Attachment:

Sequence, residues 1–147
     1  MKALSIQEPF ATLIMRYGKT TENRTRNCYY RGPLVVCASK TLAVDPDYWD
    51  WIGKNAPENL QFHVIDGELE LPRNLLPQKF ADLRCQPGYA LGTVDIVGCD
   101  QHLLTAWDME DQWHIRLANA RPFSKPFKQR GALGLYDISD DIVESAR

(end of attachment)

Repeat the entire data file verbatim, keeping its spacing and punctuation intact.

Sequence, residues 1–147
     1  MKALSIQEPF ATLIMRYGKT TENRTRNCYY RGPLVVCASK TLAVDPDYWD
    51  WIGKNAPENL QFHVIDGELE LPRNLLPQKF ADLRCQPGYA LGTVDIVGCD
   101  QHLLTAWDME DQWHIRLANA RPFSKPFKQR GALGLYDISD DIVESAR